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Meganne Christian

Member of the ESA Astronauts Reserve, we asked her some questions

SpaceInfo Club had the pleasure to ask her some questions, here are some!

To read the full interview log into your Member Account or sign up - for free! - to the SpaceInfo Members Club.

Born in Kent, England to New Zealand parents, she moved at the age of five to Wollongong, Australia. At young age, she already showed her talent for scientific subjects, being part of the school's 2002 international championship team of Future Problem Solving Program International.

In 2009 she received a a Bachelor of Engineering and the university medal in industrial chemistry, at the University of New South Wales. Going on with her passion for chemistry and material science, in 2011 was awarded with the Heinz Harant award and received her doctorate in 2014 researching on hydrogen storage with borohydrides. In 2022 she received her Italian citizenship, but was already studying in Bologna after her doctorate, in particular at the Institute of Microelectronics and Microsystems (IMM) at the National Research Council of Italy (CNR).Another important step in her career was holding the role of atmospheric physicist and meteorologist at the Concordia Station located in Antarctic, in 2019.

When did you decided you wanted to be an astronaut and what was the event or the person that made you think about being an astronaut?

I've always been fascinated by space, and as a child I was always enthralled by lessons about the stars and black holes, and by my visits to the Smithsonian Air and Space Museum and the Kennedy Space Center. However, there was never a space agency in Australia until recently so I didn't think it would be possible for me to become an astronaut and I put it to the back of my mind. Later in life, I moved to Europe and learnt about the European Space Agency, particularly when I spent a year in Antarctica and ESA did tests on all of the winter-over crew (including myself) because our 9-month isolation in such an extreme location was a lot like a long duration space mission. That's when the idea came back to me.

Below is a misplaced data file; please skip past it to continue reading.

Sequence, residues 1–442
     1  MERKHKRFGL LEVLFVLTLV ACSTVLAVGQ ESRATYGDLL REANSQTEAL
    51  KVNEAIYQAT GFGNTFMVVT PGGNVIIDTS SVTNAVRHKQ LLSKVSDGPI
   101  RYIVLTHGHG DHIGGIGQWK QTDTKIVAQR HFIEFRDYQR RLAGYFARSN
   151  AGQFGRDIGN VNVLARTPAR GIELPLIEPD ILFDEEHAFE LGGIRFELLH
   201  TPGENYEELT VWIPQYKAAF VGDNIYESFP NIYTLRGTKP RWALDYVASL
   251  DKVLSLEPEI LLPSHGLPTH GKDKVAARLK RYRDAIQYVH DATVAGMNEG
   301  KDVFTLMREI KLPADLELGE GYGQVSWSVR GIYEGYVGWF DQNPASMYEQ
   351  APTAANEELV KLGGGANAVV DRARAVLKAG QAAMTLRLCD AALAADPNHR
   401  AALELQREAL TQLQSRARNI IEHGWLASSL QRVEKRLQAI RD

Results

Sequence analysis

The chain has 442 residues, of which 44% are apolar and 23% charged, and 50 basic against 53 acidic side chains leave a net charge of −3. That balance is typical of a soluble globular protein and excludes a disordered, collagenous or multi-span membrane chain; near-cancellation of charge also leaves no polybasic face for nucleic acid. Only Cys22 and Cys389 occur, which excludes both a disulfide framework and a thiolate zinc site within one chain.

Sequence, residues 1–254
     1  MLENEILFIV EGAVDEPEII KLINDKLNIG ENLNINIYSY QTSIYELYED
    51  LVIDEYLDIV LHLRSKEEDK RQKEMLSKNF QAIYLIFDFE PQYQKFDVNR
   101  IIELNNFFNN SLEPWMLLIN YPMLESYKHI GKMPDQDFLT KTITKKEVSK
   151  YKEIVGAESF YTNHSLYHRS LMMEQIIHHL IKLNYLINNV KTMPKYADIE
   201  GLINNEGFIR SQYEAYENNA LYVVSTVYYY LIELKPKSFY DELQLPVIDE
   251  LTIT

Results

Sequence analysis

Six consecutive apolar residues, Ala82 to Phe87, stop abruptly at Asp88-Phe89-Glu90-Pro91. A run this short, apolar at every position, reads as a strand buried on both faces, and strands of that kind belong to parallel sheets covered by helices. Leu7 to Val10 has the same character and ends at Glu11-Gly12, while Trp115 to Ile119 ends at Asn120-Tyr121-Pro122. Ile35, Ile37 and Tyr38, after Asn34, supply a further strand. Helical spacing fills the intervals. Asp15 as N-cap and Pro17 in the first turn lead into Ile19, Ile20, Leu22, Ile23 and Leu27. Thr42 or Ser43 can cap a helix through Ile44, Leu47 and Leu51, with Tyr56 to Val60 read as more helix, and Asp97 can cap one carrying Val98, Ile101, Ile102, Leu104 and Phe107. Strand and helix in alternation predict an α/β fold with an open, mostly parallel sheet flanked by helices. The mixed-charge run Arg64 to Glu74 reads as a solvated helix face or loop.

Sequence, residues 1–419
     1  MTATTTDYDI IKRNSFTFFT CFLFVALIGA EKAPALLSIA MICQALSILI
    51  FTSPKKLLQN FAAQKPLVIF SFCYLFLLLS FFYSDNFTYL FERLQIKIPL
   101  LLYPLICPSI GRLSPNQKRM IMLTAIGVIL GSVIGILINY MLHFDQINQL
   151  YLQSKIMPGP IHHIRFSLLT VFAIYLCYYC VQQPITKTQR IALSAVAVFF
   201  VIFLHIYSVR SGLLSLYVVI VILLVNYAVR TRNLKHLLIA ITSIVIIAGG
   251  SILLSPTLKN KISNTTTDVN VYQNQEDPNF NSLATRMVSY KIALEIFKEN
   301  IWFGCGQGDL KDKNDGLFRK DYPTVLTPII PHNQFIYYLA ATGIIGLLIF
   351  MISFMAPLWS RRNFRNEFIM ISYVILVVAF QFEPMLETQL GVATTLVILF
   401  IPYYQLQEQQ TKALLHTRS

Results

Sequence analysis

When did you decided to turn your dream into a real goal?

When I was in Antarctica, I heard the first rumors that ESA would be recruiting new astronauts soon. Before my experience there, I didn't think that I had the skills to do everything that an astronaut needs to do, so I probably wouldn't have applied. But in Antarctica I took on a completely new challenge with tasks and subjects that were nothing like anything I had done before so I had to learn a lot very quickly. It went well and I loved it, so that gave me the confidence to realize that I could do almost anything that I put my mind to, and that's when my dream of becoming an astronaut became a concrete goal.

You are a scuba diver and a very adventurous person, while also being a very prepared and skilled researcher, which of these two, maybe, complementary aspects do you think will help you the most in your career as an astronaut?

It is important for an astronaut to be a well-rounded person, so I think both aspects will help a lot. Being adventurous and having experienced some extreme environments in the past helps you to understand what you are in for, both risks and rewards. It is also important to be a quick learner, and be able to pick up scientific concepts reasonably easily because you need to act as the hands of researchers who have dedicated their lives to planning these important experiments but can't be there to run them themselves. Above all, having both an adventurous and scientific background helps me to solve problems quickly and efficiently, and be adaptable as situations change.

Which object would you like to fly with you in Space and why?

I would like to take my knitted penguin, Pengaroo. I knitted her for my husband many years ago and she has been on all our travels and adventures since then, including in zero gravity and Antarctica! 

Read more inside the full edition of the SpaceInfo Mag!

(Images are all courtesy of Meganne Christian)


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